by John Liquori
“The Long Civil Rights Movement” is a period that Historians have been writing about only recently. When asked about the Civil Rights Movement, most people think of milestones that happened mainly in the South beginning in 1954 with the Brown v. Board of Education ruling that made segregated schools unconstitutional. Historians now debunk that historical stereotype and have moved toward arguing that the LCRM happened all across the United States and had roots far before 1954. In fact, Historians have now agreed that the LCRM was made of local struggles that happened at different times which makes giving the movement a begin date and place almost impossible.
Elmira, NY was no exception and had its own Civil Rights legacy. On Thursday, February 21, I will tell the stories of local Blacks who lived the struggle for racial equality. One of these stories is of Mr. Roland Coleman. Mr. Coleman was a sailor in the United States Navy during and after WWII. His military service was unique and extraordinary because he was part of the integration plan that President Harry Truman implemented in 1948. One experience he remembers vividly during the integration in the military was going to see a movie with his division. Seating was segregated, with the black seating roped off from the where the whites sat. Against seating rules, Mr. Coleman decided to sit in the middle of the white section. His decision drew an awkward response as he felt unwelcome by the whites and was viewed as a traitor by the blacks.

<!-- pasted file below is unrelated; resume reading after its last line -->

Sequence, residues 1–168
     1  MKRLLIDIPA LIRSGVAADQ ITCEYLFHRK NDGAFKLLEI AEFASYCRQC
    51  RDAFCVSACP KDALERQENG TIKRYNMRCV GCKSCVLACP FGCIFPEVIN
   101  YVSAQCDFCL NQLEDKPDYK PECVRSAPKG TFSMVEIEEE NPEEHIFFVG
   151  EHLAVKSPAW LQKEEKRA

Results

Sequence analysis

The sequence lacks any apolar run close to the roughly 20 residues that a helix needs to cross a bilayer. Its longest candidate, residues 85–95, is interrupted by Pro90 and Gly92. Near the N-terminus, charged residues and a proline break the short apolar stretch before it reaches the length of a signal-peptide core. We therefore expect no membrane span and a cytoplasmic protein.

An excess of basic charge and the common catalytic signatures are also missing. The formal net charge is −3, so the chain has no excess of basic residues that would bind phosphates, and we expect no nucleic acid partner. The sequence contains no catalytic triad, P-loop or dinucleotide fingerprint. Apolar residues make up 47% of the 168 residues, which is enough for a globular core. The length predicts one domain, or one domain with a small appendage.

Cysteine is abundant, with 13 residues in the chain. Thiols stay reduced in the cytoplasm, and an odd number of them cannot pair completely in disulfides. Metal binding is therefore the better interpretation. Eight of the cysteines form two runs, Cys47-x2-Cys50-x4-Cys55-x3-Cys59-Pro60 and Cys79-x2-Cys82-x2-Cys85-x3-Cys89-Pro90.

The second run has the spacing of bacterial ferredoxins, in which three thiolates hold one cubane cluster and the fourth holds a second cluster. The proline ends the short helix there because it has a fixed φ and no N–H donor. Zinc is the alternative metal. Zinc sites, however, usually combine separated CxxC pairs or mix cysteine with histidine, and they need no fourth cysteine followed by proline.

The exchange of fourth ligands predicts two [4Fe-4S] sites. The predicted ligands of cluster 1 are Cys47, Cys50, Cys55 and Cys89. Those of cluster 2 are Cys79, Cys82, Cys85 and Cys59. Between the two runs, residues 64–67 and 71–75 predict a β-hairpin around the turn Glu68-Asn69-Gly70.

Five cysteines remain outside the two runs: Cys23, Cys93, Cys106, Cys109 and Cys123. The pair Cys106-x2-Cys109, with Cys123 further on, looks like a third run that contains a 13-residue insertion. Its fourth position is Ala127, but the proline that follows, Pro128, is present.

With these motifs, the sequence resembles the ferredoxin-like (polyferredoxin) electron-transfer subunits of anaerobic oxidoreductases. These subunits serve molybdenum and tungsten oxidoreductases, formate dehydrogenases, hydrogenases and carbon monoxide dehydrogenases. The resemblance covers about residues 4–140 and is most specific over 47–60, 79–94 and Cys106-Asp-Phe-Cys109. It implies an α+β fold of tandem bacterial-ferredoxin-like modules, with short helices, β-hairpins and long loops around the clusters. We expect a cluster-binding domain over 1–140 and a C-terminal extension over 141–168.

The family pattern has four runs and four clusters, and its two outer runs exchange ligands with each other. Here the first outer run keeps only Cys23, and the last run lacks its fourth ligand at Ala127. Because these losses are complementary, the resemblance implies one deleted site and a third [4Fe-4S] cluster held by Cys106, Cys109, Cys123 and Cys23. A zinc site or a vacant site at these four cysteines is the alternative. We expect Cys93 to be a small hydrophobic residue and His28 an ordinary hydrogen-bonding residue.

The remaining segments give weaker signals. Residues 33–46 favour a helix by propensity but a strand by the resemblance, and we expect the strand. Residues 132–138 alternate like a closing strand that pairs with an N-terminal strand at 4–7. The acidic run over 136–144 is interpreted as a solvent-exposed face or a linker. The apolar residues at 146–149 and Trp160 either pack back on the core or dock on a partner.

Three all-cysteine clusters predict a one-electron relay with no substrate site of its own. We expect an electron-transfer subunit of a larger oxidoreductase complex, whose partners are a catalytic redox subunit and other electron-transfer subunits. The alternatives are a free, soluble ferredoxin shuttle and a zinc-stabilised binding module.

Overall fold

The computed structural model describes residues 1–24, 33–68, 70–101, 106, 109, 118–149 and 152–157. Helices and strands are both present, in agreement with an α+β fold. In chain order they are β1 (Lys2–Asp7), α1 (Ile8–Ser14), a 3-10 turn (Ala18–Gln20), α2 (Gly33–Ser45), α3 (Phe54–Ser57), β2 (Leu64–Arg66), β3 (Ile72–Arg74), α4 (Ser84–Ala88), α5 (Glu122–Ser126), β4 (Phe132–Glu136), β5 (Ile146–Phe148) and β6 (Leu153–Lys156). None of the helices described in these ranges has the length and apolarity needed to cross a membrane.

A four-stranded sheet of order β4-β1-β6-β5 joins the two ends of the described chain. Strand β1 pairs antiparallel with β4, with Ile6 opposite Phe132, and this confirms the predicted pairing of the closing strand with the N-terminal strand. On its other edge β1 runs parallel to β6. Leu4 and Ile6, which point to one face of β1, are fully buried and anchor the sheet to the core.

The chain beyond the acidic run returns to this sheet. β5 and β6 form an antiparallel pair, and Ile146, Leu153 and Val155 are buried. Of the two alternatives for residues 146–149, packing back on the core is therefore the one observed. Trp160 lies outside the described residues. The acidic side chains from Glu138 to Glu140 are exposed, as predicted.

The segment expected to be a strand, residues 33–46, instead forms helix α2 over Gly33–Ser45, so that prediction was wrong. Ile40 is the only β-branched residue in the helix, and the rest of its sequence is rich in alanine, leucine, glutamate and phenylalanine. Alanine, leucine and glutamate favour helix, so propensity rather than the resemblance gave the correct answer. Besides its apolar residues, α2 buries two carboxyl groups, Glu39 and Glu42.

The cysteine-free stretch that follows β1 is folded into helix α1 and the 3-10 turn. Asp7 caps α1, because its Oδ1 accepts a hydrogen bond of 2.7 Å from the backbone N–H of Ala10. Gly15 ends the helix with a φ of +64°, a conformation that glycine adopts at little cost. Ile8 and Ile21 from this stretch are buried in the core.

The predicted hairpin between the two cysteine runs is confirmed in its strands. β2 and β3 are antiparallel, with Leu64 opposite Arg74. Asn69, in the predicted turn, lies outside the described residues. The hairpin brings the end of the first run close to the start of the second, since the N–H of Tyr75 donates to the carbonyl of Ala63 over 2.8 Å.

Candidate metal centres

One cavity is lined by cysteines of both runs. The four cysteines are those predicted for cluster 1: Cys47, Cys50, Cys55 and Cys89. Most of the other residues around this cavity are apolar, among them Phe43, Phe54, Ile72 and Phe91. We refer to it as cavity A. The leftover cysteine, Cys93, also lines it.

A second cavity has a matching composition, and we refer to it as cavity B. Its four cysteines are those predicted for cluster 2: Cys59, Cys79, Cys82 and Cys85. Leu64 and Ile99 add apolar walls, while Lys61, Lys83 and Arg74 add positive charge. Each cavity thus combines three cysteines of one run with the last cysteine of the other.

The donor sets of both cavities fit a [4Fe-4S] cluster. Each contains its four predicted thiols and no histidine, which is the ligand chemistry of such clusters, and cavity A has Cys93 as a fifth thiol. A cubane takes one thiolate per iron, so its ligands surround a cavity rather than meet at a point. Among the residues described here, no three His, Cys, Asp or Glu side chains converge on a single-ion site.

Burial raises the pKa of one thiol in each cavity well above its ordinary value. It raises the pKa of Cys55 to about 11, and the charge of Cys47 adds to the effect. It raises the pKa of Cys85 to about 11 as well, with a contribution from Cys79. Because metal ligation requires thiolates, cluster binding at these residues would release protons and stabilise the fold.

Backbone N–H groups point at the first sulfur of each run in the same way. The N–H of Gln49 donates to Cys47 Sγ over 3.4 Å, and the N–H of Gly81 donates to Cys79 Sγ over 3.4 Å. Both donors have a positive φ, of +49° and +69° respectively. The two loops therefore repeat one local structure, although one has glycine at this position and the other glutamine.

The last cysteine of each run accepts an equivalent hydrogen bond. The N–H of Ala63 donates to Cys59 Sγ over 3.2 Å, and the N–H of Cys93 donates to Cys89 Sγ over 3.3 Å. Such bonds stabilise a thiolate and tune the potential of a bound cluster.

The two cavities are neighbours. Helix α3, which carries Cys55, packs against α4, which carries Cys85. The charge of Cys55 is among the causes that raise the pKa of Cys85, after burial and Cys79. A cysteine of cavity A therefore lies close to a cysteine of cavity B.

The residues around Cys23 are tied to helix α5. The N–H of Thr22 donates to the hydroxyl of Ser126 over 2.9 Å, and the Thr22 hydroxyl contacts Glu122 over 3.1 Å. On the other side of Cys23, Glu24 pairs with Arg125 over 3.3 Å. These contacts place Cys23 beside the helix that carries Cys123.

Mr. Coleman’s story is one of many that will be told for the first time in the discussion on the history of Elmira. My presentation will begin the conversation on Civil Rights history in Elmira. For the first time, the struggle for racial equality will be a part of the discussion on local history. The struggle was difficult and racism was deeply engrained in Elmira. I will use stories, testimonies, and other primary sources from the locals who lived the struggle to paint a picture of Elmira that has never before been seen—a history that should not be ignored. The stories and the narration of the Civil Rights era are ones that defined a generation of struggle, sacrifice, and an extraordinary movement that changed Elmira, the United States, and the entire world.